A tax appeal hearing generally is a four-part process:
1. Make introductions
2. Ensure everyone has the same copies of all the case documents
3. Swear in all litigants and hear their presentation of the testimony
4. Proceed to the ruling
During the introduction, remind the plaintiff that it is their burden to show not only that the assessor has made an inaccurate valuation, but also specifically to show what is the accurate valuation. Many times a litigant will say “I don’t know what my property is worth; I just know it’s not worth what they say it is.” Remind them that it is their job to establish that valuation so you can then make your determination and rule on that value.
While not applicable in other counties, you may be interested to know that in Maricopa County, plaintiffs are reminded that the statues presume the assessor's valuation is accurate and if nothing comes forward during the hearing to rebut that, the court should affirm the assessor's findings.
Tax appeal cases have somewhat relaxed rules of evidence in comparison to other types of cases. Since documents are not marked by the court as exhibits they do not formally have to be accepted by the court. This allows you to accept evidence that would not be considered in a traditional court setting. Be certain, however, that everyone has a copy of any evidence submitted in advance and that everyone has had a chance to review it.
Finally, make sure that all witnesses stand and be sworn in and understand that although the rules of evidence are relaxed, everyone must still be honest and truthful with whatever they are about to present to the court.
Documents can be accepted without foundation. The part that is key for the judicial officer is the weight – the relevance – of the information presented. For example, if someone is trying to show you information about the value of their property from 10 years ago you can accept it, and consider it, but realize that it’s not as strong as more recent information. Again, make sure everyone has a copy of each other’s exhibits so assessors and plaintiff alike are aware of the information each is bringing to the hearing.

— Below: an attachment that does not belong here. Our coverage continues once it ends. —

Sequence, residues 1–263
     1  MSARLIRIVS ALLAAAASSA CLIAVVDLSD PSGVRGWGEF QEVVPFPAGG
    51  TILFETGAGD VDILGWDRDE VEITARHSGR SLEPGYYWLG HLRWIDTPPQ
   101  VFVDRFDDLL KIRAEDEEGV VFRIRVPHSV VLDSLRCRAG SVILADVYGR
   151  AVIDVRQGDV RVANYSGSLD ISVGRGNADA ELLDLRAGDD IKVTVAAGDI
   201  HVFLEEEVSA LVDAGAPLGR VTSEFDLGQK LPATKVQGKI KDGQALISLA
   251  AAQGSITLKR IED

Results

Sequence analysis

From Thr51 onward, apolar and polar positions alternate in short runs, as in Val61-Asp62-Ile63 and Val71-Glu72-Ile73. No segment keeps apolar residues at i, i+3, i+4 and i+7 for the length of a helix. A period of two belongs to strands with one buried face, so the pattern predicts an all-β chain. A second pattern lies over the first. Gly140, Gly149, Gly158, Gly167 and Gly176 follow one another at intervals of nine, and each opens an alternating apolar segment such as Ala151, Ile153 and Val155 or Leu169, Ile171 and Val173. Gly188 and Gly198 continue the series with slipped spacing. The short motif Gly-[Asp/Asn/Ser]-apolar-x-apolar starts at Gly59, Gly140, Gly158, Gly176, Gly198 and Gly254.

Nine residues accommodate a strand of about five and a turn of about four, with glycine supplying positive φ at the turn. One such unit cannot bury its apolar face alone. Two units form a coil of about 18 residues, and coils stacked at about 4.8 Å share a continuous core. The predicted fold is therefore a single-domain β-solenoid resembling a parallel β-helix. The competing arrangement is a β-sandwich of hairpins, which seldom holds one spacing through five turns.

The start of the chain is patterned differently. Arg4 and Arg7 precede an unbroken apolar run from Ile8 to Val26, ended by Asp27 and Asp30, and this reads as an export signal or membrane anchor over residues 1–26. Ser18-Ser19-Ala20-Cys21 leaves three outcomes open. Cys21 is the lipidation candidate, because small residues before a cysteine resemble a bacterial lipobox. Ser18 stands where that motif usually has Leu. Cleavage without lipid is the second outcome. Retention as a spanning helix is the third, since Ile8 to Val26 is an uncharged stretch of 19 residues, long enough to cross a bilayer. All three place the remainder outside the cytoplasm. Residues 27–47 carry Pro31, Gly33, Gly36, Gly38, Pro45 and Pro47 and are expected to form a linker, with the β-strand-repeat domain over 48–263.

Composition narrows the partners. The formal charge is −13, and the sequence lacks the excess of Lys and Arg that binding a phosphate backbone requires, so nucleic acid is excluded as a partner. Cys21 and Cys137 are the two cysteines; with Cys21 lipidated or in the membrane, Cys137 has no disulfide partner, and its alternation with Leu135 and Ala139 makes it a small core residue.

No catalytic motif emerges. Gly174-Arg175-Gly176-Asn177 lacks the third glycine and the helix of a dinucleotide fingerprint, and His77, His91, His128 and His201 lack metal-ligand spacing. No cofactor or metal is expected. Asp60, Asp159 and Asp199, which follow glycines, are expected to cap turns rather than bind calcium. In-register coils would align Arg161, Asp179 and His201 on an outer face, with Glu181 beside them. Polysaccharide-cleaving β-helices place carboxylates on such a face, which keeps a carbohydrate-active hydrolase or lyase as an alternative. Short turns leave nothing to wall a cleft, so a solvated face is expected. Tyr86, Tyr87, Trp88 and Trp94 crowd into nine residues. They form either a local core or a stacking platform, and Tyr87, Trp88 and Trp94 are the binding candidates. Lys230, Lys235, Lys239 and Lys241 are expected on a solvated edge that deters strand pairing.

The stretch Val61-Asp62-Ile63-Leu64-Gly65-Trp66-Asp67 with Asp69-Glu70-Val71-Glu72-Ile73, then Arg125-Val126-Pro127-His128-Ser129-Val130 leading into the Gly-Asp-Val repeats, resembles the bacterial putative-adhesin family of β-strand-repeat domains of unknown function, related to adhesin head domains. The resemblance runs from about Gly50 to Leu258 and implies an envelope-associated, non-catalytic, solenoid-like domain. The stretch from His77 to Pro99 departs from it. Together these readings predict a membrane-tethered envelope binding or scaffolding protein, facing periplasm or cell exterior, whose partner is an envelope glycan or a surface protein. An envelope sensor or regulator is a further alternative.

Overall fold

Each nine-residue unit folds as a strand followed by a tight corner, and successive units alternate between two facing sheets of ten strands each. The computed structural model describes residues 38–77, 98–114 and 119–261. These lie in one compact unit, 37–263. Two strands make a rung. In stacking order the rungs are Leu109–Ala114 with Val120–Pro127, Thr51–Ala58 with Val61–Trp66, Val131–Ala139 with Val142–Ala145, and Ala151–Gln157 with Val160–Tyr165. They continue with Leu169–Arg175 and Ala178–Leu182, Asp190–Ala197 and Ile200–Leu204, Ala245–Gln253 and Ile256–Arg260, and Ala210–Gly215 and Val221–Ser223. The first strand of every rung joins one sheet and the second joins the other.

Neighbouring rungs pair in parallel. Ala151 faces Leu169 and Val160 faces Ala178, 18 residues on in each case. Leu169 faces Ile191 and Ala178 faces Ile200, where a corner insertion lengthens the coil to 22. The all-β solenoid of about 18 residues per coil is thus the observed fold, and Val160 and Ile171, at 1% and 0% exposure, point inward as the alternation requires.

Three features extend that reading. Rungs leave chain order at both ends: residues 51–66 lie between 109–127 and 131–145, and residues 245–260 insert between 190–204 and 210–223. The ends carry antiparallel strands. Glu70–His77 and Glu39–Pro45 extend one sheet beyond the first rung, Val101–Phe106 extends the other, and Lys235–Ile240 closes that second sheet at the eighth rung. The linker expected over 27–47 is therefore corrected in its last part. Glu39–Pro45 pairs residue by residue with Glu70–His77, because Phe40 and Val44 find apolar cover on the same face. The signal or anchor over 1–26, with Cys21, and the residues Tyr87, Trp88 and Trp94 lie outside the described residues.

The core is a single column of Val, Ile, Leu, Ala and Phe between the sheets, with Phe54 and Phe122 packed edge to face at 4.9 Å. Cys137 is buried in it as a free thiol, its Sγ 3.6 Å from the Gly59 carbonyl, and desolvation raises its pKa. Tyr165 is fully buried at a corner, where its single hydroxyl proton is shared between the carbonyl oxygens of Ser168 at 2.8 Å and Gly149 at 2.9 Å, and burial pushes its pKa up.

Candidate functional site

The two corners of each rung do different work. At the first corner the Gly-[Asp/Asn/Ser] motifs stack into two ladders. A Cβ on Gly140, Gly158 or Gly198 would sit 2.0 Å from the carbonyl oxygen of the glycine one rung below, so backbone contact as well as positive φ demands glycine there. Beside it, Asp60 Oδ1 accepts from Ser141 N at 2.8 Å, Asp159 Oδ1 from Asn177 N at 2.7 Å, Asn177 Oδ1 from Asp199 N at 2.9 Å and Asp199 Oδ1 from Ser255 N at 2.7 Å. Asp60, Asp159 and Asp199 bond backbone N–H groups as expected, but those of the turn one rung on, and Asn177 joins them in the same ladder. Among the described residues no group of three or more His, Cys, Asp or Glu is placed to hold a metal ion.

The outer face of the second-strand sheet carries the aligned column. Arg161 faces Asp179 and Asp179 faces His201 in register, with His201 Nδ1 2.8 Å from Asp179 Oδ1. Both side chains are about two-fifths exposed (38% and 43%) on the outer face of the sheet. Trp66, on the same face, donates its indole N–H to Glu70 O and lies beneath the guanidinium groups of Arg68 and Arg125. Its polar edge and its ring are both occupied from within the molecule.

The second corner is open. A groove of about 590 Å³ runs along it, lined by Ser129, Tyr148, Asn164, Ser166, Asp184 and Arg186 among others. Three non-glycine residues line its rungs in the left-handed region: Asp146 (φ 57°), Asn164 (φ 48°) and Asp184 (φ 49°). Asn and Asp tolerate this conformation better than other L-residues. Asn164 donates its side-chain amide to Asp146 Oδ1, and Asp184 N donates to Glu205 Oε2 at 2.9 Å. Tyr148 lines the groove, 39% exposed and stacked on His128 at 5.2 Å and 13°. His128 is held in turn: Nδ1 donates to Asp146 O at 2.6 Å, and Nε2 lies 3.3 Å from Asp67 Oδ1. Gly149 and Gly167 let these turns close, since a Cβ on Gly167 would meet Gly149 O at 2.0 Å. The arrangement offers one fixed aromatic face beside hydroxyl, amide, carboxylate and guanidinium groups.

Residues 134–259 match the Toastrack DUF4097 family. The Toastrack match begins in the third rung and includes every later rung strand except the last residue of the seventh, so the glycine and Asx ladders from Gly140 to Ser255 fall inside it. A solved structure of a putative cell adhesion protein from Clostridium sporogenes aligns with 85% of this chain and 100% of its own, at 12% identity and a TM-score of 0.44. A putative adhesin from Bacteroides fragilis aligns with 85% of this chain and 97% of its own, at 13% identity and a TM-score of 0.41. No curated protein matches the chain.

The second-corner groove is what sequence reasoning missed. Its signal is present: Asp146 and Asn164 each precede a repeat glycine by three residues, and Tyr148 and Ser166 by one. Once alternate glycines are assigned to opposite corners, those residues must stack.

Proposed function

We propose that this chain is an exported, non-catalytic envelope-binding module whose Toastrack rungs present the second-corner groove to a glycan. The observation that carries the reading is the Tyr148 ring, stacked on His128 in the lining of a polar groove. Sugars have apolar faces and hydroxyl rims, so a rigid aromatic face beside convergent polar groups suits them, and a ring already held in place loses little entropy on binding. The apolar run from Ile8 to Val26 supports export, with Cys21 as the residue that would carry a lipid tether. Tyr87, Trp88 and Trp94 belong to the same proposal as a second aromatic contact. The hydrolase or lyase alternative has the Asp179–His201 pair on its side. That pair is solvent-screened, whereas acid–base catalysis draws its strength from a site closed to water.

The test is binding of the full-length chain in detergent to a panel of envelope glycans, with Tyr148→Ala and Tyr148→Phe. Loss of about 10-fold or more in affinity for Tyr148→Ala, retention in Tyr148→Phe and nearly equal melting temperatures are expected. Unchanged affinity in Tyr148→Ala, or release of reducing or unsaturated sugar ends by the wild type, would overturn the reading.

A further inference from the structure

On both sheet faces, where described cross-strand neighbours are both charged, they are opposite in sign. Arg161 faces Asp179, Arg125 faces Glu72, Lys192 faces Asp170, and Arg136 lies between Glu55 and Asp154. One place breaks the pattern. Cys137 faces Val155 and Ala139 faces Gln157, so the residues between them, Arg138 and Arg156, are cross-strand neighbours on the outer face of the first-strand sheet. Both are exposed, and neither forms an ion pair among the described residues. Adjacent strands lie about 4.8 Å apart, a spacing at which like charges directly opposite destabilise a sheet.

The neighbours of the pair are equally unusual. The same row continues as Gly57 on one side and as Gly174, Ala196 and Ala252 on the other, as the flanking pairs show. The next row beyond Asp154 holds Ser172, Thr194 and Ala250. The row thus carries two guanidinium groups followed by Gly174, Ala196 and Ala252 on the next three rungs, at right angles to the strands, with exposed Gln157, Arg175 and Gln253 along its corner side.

At the Testimony stage, things are fairly straightforward: the plaintiff presents his or her information and the assessor gets a chance to respond. Generally, it is not a good idea to let the assessor question the plaintiff during the plaintiff’s testimony. It is better to inform the assessor that he or she can present information to contradict what may have been presented by the plaintiff, or comment on what the plaintiff has been presenting. However, contrary to not letting the assessor question the plaintiff, you should ask the plaintiff if he or she has any questions for the assessor after the assessor has testified. Sometimes you may have to guide the plaintiff to focus on questioning the assessor, and not bringing up a point or points already made during their testimony.
Your ruling will usually occur within 25 minutes or so of going into the courtroom. It must relate to a specific parcel number or parcel numbers and a tax year. In order for taxes to be properly levied when making your ruling, you will need to state an assessed value for each parcel number; you cannot give a cumulative value. For example, if there are three or four parcel numbers, you must state an individual value for each parcel number.
In the ST Case Training Guide you will find a Stipulated Judgment Form (Page 31) which is a standardized ruling form. Note on this form you do not have to make findings of fact, nor do you need to state you have weighed and balanced all the evidence. You simply need to find for Parcel Number X, that it is valued at amount Y for the previous year. For example: “The 2010 full cash value for Parcel No. 214-37-671 located in Mohave County, Arizona, (the “Subject Property”) shall be reduced from $221,358.00 to $140,000.00. The 2010 limited property value shall be determined pursuant to ARS 42-13301.”
In order to avoid creating any unnecessary burdens it is good practice to not attempt to explain how you arrived at your figures, particularly with multiple parcels. For example, you should not try to explain that comparable number one was too far away, comparable number 2 was not an arm's length transaction, and comparable number 3 property was substantially larger than the subject property.